First-line treatment option available for eligible Australians with a type of aggressive breast cancer

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Breast Cancer Detection
Breast Cancer Detection

An estimated 1,500 eligible Australians with triple-negative breast cancer (TNBC) could receive access to immuno-oncology therapy KEYTRUDA (pembrolizumab) as a first-line treatment option.1,2

KEYTRUDA is now listed on the Australian Register of Therapeutic Goods (ARTG) for the treatment of patients with high-risk early-stage triple-negative breast cancer (TNBC) in combination with chemotherapy as neoadjuvant treatment, and then continued as monotherapy as adjuvant treatment after surgery; and in combination with chemotherapy for the treatment of patients with locally recurrent unresectable or metastatic TNBC whose tumours express PD-L1 (CPS ≥10) as determined by a validated test and who have not received prior chemotherapy for metastatic disease.2

TNBC is a particularly aggressive form of breast cancer which means it can grow quickly.3,4,5 TNBC has a poor prognosis5,6 and is more like to recur within two to three years of diagnosis, as opposed to 10 to 15 years for those with estrogen receptor – positive breast cancer.4

While the average age of first being diagnosed with breast cancer in Australia is 61,4 TNBC occurs more often in patients who are under 50 years of age.7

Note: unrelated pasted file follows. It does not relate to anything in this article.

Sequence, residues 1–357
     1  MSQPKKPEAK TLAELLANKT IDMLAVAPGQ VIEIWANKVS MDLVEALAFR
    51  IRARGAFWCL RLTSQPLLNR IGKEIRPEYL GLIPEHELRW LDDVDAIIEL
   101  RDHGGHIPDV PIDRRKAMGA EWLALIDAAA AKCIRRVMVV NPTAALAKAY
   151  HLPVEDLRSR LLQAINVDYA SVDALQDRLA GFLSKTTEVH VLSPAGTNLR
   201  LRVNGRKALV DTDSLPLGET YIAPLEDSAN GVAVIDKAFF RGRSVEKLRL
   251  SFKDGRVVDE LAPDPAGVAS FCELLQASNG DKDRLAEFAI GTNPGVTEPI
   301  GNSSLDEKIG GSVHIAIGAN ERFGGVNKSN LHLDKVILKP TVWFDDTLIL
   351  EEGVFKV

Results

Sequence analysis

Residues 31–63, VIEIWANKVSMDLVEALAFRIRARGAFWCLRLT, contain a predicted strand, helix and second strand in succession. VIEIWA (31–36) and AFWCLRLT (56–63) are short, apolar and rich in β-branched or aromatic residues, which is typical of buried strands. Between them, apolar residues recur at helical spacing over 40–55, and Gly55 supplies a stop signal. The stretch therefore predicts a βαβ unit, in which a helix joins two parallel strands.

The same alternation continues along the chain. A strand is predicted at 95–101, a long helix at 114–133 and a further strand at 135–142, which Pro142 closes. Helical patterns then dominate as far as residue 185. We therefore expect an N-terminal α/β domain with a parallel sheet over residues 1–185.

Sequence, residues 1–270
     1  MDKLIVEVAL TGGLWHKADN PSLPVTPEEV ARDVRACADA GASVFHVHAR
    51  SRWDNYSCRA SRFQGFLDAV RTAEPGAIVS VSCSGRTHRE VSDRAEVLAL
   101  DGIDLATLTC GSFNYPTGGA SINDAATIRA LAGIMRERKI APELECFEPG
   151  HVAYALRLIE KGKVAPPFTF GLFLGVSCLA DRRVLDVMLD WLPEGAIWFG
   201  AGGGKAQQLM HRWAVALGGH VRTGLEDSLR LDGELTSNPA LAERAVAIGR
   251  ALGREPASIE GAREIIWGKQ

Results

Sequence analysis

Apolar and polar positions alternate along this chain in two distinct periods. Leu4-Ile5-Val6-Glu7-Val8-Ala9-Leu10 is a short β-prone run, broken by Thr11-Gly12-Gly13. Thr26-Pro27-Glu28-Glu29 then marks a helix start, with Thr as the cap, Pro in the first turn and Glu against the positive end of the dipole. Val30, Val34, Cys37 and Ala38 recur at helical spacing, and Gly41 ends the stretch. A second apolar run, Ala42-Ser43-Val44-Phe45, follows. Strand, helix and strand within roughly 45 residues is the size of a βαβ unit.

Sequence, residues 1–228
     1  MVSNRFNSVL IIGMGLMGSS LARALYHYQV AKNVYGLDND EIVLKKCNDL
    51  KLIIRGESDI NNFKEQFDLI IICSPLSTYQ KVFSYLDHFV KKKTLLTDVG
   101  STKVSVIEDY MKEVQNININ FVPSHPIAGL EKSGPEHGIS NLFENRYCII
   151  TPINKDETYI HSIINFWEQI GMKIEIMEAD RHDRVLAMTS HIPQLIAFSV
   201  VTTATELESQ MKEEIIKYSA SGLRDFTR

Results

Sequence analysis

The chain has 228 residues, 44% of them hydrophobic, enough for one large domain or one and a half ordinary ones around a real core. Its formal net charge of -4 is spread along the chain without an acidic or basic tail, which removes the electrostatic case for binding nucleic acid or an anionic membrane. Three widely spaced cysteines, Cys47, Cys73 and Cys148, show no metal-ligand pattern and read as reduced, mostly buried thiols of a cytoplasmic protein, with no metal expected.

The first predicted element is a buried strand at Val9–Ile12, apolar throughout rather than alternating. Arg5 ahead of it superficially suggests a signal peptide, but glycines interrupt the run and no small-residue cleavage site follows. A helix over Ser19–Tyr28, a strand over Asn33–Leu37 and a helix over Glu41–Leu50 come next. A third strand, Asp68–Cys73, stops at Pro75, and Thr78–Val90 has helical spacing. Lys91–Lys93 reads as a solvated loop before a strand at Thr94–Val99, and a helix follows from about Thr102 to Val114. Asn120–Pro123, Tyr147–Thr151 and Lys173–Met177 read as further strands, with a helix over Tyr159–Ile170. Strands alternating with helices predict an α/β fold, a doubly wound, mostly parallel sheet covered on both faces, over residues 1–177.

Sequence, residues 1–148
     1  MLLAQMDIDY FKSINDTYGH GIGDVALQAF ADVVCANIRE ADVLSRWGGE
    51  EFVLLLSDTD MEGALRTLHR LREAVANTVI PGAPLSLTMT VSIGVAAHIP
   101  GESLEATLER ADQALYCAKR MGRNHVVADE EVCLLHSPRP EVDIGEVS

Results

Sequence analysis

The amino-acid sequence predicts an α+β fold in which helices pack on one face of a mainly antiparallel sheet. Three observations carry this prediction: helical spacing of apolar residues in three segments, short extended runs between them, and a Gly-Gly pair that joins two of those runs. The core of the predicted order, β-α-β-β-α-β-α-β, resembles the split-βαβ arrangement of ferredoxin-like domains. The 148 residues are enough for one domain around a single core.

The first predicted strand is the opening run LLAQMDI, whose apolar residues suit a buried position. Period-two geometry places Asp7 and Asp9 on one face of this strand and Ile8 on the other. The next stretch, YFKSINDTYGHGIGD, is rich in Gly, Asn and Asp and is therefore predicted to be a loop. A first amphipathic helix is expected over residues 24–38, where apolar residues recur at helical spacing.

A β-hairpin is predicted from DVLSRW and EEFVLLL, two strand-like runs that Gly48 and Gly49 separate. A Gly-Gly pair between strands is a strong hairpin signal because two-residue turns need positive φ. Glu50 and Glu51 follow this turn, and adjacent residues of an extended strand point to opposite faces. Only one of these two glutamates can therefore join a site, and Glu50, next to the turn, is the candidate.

Around 10-15% of all breast cancer cases are triple-negative breast cancers4,7,8and there are around 2,500 new cases of TNBC in Australia each year.9

Professor Fran Boyle, Medical Oncologist at the Mater Hospital Sydney and Director of the Patricia Ritchie Centre for Cancer Care and Research says, “Many of these women will be below the usual age at which screening occurs. As TNBC has the potential to grow quickly, the cancer can reach a significant size before patients are diagnosed.”

Dr Sally Baron-Hay, Medical Oncologist, Royal North Shore Hospital, Sydney, says “There have been limited treatment options in the management of women with early stage TNBC. The addition of an immunotherapy option to neoadjuvant chemotherapy treatment gives medical oncologists and their patients an additional treatment option for those with this aggressive subtype of breast cancer.”

“As a medical oncologist it is rewarding to be able to offer this treatment option that could provide hope to women with early stage TNBC,” she added.

A survey of women with a TNBC diagnosis found that they experience increased levels of fear and anxiety at diagnosis compared to non-TNBC patients.10,11

Sarah Powell, CEO of Pink Hope says, “We encourage adult women of all ages to perform breast self-checks at least once a month as a preventative measure. We know that triple-negative breast cancer can occur in younger women. That’s why it’s crucial for women to become familiar with their breasts and learn how to spot any changes and speak to their GP if they notice anything unusual.”

Known risk factors for TNBC include having a BRCA1 or BRCA2 positive gene mutation, being pre-menopausal, being of African American and African descent, or having a family history of breast cancer.7,12

Treatments in both early and advanced TNBC remain a significant unmet need.8 Early-stage treatment means the treatment of cancer before it has spread or metastasised beyond the part of the body where the cancer originated.13

New blood test could spare cancer patients from needless chemotherapy after surgery

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